• C1: 2:24-25 – God heard their groaning, and remembered his covenant with Abraham, Isaac, and Jacob. He saw the people and understood.
  • C2: 3:6-7 – I am the God of Abraham, Isaac, and Jacob. I have seen and heard the people’s affliction. I understand.

God is faithful. He keeps his promises.

Because of Abraham’s faithfulness, God made a covenant with him that was passed on to Isaac, then to Jacob, and to all of Israel. When the text says that he remembered the covenant and saw the people of Israel, it means that he looks past the current generation of Israel all the way back to Abraham, and saves them for the sake of that ancient covenant. Because Abraham believed in God and kept his commandments, God is faithful to Abraham throughout all the generations of Israel.

If God can forget his covenant with Abraham, then he will forget that Israel is his chosen people, but God never forgets or annuls a covenant. He is always faithful.

Level D: Moses can only bring you so far

  • D1: 3:1 – Moses led his flock to the mountan of God.
  • D2: 3:5 – Then God said, “Do not come near.”

Paul wrote that the Law of Moses is a guide to lead us to Messiah (Galatians 3:24) and that Messiah is the aim of the Law (Romans 10:4). Keeping the feasts and the Sabbath and obeying the commandments are good things, but if they never lead us to Messiah, then they are ultimately pointless.

Once Moses had arrived at the place of the burning bush, God told him to stop, then gave him instructions for existing in the divine presence. God is a raging fire that will destroy anyone who comes to close without authorization and the proper precautions. Se can never come to God on our own terms. He sets the rules, not us, and he has given us detailed instructions on how to live in his presence. The first and most important rule in approaching God is this:

Jesus said to him, “I am the way, and the truth, and the life. No one comes to the Father except through me.”
John 14:6

Moses leads us to Messiah Yeshua, and Messiah Yeshua leads us to the Father.

Level E: No one comes unless the Father calls him

  • E1: 3:2 – YHWH appeared in a flame out of the midst of a bush. Moses looked.
  • E2: 3:4 – God called to him out of the bush. Moses replied.

God revealed himself, and then Moses saw. God called out, and then Moses replied. This recalls Yeshua’s words:

No one can come to me unless the Father who sent me draws him. And I will raise him up on the last day.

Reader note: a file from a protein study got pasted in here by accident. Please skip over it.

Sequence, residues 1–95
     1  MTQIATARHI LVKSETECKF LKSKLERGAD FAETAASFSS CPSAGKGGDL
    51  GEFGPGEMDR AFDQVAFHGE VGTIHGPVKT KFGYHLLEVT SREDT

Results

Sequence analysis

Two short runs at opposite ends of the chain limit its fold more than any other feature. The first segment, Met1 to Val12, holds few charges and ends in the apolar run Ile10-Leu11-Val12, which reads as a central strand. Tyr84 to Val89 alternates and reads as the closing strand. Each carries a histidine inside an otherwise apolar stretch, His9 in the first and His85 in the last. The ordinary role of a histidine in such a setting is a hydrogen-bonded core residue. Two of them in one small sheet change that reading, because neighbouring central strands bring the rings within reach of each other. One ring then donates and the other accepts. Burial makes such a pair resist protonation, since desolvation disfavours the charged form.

John 6:44

God is beyond our understanding, and the natural inclination of our flesh is to rebel against him and worship things that have no power to save. Before a man can be saved from his sins and evil inclination, God must make himself known and call him. That revelation and calling can take any form: an evangelist, a Gideon Bible in a hotel room, or a still, small voice that can only be heard in the heart. Without that revelation, we are lost.

Level F: God requires an answer

  • F1: 3:3 – Moses said, “I will turn aside to see this great sight.
  • F2: 3:4 – YHWH saw that he turned aside to see.

Although we can ever see the truth about God and our need for salvation unless he reveals it to us, God doesn’t force us to act on that revelation. He extends an offer of mercy, but it’s up to us to accept it.

Level G: The bush doesn’t burn up

“Why the bush is not burned” in 3:3 is at the center of the chiasm.

Did the fire leave the bush unburned merely to catch Moses’ attention? Or did God have a specific reason for choosing this sign rather than a floating boulder or a talking goat? What is significant about vegetation?

The bush itself isn’t God. Rather God appears and speaks from within the bush. So what is the bush?

The trees of the LORD are watered abundantly, the cedars of Lebanon that he planted.
Psalms 104:16

Thus says the LORD, the God of Israel: Like these good figs, so I will regard as good the exiles from Judah, whom I have sent away from this place to the land of the Chaldeans.
Jeremiah 24:5

Israel is a luxuriant vine that yields its fruit.
Hosea 10:1a

For if you were cut from what is by nature a wild olive tree, and grafted, contrary to nature, into a cultivated olive tree, how much more will these, the natural branches, be grafted back into their own olive tree.
Romans 11:24

Throughout its text, the Bible portrays Israel as a tree, a vine, a field of barley or wheat, etc., and God appeared to Moses on Mount Horeb to send him to rescue Israel from Egypt. The bush is Israel and the fire is the sign of God’s presence among them, just like the pillar of cloud and fire that would accompany them through their wilderness travels.

Over the next few chapters in Exodus, Israel was protected from the brunt of the plagues, while Egypt was consumed around them. The fire burned the air around the bush, but not the bush itself.